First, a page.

Collective Risk Control and Group Security: The Unexpected Consequences of Differential Risk Aversion

Toshihiro Ihori and Martin McGuire , Journal of Public Economic Theory 9(2) , 231-263 , April 2007.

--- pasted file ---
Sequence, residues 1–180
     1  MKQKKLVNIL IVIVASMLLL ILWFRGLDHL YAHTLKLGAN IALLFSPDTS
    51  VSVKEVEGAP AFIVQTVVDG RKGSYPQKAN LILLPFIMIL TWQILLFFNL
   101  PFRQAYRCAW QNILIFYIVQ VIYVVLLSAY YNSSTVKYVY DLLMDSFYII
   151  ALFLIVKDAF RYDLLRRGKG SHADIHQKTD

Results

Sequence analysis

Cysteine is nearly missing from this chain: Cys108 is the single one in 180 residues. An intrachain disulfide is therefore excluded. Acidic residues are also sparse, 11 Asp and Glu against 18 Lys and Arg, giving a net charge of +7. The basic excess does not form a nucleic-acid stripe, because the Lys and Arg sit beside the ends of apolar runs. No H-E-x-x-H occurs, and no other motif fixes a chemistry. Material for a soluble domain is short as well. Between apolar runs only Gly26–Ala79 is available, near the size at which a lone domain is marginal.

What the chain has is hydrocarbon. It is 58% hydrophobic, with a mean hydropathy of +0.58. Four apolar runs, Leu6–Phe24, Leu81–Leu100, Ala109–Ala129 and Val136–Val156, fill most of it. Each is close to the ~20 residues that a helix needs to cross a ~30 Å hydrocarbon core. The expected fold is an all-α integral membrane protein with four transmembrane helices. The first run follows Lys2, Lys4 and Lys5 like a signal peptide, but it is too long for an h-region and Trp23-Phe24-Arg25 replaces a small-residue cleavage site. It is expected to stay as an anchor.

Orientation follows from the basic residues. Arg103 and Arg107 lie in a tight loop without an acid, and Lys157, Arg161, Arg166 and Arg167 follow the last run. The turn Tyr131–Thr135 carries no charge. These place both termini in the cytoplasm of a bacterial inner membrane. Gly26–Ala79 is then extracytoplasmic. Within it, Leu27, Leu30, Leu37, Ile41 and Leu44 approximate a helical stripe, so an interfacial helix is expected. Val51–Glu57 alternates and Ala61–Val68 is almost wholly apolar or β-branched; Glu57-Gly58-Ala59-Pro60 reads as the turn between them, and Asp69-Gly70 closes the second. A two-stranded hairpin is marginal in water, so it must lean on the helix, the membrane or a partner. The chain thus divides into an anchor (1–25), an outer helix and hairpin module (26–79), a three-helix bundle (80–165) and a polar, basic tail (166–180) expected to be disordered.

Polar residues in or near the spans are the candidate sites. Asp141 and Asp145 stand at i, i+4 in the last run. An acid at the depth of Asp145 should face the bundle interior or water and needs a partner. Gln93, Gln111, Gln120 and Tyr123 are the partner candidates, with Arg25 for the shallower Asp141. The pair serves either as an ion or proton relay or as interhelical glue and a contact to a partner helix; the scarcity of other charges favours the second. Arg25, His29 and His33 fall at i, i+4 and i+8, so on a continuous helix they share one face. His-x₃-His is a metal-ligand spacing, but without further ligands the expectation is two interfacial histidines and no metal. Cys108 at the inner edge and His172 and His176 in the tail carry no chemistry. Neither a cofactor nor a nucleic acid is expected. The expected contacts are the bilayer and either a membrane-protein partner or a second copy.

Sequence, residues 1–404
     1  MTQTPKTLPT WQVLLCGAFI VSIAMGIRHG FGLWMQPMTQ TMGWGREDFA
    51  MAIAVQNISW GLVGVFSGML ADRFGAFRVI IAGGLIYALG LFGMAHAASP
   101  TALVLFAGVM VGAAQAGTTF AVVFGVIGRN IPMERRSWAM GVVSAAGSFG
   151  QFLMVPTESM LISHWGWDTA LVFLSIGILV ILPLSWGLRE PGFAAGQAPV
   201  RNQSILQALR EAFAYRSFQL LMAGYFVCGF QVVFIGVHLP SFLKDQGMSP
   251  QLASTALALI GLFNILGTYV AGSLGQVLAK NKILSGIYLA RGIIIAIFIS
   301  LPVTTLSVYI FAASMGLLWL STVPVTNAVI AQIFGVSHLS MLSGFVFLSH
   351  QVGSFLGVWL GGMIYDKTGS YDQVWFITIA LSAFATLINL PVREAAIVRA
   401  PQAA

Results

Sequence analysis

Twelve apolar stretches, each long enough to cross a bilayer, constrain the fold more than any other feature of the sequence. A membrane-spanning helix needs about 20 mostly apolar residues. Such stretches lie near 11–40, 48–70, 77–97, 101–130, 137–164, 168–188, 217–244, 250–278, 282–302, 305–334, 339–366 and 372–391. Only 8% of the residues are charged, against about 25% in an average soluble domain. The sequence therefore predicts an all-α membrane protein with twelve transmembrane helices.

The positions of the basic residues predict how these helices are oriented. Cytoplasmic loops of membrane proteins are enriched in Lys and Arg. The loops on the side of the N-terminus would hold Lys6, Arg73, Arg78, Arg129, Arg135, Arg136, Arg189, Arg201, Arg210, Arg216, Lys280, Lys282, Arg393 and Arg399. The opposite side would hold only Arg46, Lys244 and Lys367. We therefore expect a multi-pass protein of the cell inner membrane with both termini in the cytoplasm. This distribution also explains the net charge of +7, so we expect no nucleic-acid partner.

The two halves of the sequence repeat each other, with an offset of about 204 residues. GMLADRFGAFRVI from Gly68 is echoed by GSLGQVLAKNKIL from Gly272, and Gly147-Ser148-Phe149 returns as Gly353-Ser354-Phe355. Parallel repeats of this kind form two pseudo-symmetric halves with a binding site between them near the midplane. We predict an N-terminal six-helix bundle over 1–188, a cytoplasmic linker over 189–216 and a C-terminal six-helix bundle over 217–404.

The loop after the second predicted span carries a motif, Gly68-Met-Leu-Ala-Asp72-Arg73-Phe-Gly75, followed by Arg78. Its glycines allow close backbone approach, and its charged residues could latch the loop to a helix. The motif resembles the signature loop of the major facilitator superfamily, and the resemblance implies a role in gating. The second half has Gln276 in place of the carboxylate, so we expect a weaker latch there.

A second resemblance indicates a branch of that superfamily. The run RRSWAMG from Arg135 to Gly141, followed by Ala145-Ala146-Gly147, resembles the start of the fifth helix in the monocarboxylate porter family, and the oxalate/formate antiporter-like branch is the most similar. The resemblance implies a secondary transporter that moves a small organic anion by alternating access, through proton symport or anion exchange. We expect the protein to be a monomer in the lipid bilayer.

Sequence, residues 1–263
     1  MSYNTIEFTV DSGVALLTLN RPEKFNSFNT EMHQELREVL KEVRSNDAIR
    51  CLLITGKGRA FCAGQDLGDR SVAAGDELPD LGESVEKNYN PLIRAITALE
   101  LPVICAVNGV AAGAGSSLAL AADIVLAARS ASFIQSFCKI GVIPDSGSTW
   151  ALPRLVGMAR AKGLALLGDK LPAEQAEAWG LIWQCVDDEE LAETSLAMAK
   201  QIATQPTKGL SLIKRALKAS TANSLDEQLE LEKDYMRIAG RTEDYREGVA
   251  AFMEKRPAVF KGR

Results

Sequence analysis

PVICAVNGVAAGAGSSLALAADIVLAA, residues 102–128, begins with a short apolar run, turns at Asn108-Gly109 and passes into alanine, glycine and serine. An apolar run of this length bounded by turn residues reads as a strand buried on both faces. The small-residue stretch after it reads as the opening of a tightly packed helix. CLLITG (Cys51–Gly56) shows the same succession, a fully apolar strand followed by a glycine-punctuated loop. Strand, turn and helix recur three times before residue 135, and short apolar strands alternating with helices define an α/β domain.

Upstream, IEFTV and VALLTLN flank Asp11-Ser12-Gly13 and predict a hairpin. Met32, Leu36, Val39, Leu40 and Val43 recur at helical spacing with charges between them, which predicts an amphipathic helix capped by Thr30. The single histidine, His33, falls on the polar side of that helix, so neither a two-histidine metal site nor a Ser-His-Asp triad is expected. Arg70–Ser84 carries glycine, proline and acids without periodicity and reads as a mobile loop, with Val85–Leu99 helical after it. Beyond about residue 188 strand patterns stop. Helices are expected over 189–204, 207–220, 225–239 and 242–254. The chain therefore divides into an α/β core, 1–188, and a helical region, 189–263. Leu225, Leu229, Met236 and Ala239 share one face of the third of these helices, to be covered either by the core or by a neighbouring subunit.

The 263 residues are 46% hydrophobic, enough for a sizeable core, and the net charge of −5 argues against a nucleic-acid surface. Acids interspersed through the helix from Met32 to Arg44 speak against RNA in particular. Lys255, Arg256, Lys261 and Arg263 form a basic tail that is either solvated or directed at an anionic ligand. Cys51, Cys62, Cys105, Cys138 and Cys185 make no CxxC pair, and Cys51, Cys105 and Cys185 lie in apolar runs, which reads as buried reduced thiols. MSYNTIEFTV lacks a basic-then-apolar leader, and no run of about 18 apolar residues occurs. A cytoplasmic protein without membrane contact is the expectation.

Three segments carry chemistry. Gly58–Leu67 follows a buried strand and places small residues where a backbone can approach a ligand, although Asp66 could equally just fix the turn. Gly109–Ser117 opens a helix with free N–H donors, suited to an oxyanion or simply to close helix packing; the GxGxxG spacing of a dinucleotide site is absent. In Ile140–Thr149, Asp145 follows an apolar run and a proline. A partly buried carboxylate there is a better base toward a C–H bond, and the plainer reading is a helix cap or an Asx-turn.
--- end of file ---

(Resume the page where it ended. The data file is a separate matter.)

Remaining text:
We provide an analysis of odds-improving self-protection for when it yields collective benefits to groups, such as alliances of nations, for whom risks of loss are public bads and prevention of loss is a public good. Our analysis of common risk reduction shows how diminishing returns in risk improvement can be folded into income effects. These income effects then imply that whether protection is inferior or normal depends on the risk aversion characteristics of underlying utility functions, and on the interaction between these, the level of risk, and marginal effectiveness of risk abatement. We demonstrate how public good inferiority is highly likely when the good is “group risk reduction.” In fact, we discover a natural or endogenous limit on the size of a group and of the amount of risk controlling outlay it will provide under Nash behavior. We call this limit an “Inferior Goods Barrier” to voluntary risk reduction. For the paradigm case of declining risk aversion, increases in group size(wealth) will cause provision of more safety to change from a normal to an inferior good thereby creating such a barrier.

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